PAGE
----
The company, operating as virtual currency and payment-processing provider Gambit, said Facebook's decision in 2009 to offer its own similar services to developers killed a "vibrant and competitive market," according to federal court papers examined by Bloomberg.
Such a service allows gaming providers to issue currency to players in exchange for real money or advertising offers.
Kickflip's complaint says that Facebook marginalized its competitors by "blacklisting" Gambit and forcing developers to use only Facebook's services in 2009 and 2010, according to Bloomberg.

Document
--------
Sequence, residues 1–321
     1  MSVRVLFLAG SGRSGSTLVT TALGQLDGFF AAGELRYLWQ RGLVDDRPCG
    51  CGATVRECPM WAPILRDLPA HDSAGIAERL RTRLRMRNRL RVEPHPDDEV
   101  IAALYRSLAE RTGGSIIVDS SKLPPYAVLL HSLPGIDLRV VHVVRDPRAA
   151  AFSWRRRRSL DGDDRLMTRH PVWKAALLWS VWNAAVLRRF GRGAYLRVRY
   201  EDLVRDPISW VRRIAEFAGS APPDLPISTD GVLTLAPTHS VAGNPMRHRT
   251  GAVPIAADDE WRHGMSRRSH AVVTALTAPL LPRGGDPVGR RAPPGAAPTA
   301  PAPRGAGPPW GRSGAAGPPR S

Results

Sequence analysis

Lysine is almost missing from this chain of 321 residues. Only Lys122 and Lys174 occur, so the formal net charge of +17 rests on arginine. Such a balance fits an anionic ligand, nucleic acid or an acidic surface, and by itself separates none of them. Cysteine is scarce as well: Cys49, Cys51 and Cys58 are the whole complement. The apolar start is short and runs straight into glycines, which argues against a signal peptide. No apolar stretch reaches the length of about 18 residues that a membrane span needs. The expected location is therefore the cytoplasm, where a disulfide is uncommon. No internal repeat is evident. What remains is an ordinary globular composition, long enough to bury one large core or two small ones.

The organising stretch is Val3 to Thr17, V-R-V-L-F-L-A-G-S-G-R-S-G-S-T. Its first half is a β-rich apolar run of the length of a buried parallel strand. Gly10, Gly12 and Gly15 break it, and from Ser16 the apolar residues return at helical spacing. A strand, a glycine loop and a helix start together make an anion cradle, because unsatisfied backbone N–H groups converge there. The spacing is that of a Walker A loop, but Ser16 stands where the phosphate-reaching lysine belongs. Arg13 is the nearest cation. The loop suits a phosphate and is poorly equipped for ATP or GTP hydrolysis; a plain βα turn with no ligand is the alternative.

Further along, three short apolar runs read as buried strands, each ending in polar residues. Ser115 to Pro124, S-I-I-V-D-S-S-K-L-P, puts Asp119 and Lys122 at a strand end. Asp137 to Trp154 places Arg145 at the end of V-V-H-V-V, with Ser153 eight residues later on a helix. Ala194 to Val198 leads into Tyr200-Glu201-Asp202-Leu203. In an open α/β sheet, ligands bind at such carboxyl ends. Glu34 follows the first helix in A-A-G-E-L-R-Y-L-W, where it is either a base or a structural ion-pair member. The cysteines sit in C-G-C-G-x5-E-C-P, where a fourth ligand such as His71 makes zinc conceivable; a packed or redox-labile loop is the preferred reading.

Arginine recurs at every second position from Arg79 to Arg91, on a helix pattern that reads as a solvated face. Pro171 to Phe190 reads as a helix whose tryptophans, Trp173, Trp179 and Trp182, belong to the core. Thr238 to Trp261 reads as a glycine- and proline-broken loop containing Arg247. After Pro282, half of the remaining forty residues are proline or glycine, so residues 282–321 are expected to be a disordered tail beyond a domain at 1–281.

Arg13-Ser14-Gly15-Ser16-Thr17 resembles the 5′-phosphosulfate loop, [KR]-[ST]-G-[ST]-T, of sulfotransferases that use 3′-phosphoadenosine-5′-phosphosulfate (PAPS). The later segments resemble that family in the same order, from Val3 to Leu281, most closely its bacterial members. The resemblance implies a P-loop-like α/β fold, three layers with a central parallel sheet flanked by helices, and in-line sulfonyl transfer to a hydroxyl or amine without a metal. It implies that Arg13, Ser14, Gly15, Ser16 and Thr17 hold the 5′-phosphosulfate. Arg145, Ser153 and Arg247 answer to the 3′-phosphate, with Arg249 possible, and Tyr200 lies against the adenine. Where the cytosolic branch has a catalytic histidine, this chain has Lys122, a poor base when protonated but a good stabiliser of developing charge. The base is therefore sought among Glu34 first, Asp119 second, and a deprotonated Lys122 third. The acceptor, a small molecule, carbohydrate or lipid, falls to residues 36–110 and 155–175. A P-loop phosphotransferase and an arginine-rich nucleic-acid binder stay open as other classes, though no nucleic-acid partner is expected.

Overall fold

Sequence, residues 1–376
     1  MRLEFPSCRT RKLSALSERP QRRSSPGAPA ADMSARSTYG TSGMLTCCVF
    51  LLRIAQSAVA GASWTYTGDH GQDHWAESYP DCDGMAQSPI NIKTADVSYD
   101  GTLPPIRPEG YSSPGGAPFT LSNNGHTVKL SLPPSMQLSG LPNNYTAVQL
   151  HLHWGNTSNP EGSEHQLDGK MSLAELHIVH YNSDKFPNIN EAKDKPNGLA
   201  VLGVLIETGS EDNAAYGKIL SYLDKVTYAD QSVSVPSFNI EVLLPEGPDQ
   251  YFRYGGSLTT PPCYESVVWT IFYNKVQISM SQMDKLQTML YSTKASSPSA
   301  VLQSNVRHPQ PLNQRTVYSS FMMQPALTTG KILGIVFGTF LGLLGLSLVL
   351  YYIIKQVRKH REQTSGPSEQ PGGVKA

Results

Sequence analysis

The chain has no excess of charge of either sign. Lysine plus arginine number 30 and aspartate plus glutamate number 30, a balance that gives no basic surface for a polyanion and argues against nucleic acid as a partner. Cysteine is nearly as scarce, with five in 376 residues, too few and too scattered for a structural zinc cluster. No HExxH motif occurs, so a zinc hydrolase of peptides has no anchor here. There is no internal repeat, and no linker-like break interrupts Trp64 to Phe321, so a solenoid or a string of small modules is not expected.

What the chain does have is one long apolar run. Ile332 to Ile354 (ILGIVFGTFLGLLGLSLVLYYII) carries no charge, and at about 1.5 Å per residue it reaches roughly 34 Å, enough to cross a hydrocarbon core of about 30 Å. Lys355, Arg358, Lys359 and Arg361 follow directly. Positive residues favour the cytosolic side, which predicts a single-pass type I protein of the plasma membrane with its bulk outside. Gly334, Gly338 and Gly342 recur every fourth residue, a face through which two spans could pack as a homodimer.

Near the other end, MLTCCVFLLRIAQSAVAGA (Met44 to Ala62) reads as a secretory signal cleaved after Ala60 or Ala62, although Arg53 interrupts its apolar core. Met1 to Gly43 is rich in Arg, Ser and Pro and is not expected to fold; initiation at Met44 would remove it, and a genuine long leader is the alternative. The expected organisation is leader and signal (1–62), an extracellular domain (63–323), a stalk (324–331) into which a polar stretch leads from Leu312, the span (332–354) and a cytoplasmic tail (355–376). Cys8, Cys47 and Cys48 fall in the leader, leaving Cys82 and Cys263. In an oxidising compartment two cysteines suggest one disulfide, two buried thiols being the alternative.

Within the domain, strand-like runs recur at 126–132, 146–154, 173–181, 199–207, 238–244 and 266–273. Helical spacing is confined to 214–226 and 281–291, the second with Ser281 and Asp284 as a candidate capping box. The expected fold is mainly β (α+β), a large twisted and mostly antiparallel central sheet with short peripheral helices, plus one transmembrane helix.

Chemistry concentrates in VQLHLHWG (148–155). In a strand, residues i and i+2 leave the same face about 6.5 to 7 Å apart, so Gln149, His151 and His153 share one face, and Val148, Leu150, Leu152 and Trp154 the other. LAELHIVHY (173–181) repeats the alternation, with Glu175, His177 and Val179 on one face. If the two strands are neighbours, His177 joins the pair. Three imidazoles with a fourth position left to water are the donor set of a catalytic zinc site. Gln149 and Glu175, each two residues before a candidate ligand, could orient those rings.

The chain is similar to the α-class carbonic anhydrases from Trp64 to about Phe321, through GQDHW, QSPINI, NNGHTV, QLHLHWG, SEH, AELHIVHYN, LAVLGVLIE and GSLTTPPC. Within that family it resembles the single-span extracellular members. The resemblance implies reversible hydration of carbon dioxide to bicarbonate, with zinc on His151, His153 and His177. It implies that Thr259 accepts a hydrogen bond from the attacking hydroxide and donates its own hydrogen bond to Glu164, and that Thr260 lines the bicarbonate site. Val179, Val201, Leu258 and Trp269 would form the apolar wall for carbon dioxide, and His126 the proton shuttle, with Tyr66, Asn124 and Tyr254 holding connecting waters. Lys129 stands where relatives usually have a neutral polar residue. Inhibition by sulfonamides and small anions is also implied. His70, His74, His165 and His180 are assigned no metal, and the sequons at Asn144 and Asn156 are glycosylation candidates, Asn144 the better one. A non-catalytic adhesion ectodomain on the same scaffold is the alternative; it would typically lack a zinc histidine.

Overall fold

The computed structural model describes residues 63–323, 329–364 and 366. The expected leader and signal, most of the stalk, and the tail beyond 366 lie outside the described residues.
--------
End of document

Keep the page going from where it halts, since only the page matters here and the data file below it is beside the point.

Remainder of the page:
Kickflip wants a judge to bar Facebook from enforcing its policy, and it also is requesting unspecified damages.
A Facebook spokesman, meanwhile, said that "we believe the lawsuit is without merit and will defend ourselves vigorously."
The idea of Facebook credits first debuted in 2008 when the social network changed the monetary units for its "gifts" into "credits," rather than U.S. dollars. Then, throughout 2009 and 2010, the company rolled out a way for developers to work credits into their apps on Facebook's platform.
These credits can be used on hundreds of games and apps available on Facebook, such as Farmville, and be spent at select retailers, like Target. Facebook takes 30 percent of sales.